37:21 you can automate that. So you get to type it by hand. But yeah, but I think siphon is a really good solution for speeding it up. But as I kind of pointed out in my talk, it doesn't answer the question of why Python is slow. It says for Python can be faster if you'd use C instead.

37:37 Yeah. One thing I do like about scythe on these days is they've adopted the type hints type annotation format. So if you have, what is that Python three, four or later type annotations, you got to be explicit on everything. But if you have those, that's all you have to do, to turn it into, like official scythe on, which is nice, because it used to be you'd have to have like, a C type or cython, type.int. Rather than a, you know, colon enter or something funky like that.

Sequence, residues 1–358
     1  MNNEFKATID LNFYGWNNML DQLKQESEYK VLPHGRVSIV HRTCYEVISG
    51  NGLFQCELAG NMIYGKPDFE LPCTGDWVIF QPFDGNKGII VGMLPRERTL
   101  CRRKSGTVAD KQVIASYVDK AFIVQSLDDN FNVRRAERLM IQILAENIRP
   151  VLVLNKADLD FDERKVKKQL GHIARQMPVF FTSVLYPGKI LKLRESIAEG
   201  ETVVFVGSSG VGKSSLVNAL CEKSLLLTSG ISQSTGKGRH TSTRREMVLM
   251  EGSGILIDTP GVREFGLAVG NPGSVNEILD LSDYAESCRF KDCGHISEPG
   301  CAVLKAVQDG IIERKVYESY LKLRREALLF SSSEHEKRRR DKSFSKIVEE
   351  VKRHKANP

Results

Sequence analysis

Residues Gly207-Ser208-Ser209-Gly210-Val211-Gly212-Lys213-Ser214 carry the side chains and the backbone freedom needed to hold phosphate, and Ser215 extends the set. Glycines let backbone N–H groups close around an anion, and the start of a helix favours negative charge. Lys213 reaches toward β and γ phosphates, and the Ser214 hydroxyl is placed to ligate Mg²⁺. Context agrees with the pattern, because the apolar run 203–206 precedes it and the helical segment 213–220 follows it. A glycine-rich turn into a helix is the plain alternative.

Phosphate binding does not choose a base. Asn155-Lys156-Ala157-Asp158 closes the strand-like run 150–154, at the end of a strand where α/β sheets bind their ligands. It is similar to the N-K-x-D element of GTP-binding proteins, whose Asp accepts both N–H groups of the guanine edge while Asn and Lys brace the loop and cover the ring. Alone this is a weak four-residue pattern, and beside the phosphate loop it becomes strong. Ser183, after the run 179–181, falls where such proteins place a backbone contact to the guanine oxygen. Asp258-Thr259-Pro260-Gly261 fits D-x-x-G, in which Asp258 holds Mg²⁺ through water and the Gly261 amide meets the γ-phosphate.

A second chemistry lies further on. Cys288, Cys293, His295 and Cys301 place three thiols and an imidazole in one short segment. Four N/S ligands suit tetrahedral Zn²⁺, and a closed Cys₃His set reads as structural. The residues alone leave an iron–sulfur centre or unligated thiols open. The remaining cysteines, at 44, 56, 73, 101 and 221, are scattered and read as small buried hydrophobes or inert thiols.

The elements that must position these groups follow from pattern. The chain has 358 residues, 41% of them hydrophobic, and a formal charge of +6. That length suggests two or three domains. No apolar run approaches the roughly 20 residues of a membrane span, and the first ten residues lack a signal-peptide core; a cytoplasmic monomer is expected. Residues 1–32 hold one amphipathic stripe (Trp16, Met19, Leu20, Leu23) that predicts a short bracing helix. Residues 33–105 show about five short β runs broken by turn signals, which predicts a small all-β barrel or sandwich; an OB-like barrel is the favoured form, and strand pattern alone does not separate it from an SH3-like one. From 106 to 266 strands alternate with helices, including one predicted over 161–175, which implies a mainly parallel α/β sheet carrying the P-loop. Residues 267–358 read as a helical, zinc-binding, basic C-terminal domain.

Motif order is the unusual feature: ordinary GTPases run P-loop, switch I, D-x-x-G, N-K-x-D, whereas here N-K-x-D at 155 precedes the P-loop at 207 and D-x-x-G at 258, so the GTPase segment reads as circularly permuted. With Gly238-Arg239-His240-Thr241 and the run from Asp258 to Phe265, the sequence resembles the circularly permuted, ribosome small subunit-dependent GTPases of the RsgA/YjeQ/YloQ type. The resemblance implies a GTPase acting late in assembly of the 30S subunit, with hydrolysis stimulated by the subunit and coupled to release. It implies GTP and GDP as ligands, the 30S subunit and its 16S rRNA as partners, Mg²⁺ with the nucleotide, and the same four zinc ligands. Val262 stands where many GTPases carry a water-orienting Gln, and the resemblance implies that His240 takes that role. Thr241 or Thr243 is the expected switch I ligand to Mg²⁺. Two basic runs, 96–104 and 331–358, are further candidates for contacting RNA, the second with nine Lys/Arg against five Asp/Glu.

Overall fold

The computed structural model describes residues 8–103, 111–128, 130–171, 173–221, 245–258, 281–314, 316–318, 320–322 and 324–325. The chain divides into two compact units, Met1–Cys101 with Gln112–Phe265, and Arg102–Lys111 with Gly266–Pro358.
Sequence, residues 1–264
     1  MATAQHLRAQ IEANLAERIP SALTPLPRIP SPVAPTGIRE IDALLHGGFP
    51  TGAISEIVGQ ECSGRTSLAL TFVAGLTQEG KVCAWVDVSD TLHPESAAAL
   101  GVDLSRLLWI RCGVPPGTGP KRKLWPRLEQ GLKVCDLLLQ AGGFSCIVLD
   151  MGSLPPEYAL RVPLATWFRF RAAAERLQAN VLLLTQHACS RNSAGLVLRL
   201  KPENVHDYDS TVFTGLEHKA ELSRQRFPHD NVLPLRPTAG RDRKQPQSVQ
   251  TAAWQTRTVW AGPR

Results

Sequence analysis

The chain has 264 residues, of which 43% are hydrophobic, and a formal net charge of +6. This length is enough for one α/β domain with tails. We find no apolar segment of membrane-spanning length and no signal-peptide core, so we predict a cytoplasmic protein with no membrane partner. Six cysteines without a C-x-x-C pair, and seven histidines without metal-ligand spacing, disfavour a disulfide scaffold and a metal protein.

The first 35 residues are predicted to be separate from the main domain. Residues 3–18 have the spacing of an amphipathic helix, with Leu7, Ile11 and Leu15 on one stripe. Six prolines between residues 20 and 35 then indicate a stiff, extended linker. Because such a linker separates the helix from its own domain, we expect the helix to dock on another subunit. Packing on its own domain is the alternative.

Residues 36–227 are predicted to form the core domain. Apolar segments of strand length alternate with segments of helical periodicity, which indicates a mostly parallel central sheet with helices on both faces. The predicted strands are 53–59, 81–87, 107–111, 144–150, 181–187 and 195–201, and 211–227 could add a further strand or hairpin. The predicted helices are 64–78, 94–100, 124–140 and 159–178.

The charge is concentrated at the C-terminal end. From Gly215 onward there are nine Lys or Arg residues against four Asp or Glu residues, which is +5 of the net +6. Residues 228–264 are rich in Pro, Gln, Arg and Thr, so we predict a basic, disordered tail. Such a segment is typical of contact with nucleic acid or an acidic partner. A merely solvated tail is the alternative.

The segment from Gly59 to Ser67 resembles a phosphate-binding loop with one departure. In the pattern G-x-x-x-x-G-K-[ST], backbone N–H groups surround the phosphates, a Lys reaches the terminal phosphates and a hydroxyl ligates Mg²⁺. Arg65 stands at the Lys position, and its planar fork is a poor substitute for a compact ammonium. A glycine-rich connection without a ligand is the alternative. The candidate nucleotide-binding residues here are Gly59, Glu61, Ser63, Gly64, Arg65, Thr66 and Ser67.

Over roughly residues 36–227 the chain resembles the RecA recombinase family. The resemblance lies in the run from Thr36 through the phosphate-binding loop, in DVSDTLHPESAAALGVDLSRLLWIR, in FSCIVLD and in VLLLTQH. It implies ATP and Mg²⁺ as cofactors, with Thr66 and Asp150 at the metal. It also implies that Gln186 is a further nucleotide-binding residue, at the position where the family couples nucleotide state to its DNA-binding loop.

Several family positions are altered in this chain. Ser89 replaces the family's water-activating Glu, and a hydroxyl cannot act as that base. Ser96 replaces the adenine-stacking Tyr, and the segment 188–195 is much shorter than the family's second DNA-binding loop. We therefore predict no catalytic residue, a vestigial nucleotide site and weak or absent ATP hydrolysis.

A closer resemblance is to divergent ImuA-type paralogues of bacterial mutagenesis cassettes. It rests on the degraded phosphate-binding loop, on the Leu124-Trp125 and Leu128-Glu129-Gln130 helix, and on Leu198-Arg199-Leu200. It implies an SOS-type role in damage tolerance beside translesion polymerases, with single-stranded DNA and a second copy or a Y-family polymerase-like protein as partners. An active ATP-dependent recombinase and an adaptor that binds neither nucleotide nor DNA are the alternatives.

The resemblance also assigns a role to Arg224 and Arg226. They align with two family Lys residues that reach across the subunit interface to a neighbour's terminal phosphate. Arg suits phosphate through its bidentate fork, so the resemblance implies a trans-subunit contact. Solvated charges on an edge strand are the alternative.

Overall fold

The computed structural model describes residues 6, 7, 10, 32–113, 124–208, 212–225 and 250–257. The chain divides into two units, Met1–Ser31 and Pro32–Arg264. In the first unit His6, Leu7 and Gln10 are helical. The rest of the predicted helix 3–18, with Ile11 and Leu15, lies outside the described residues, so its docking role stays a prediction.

38:08 Yeah, no, it's nice. They put the two things together. So I think like had type annotations before the language did I think they had their own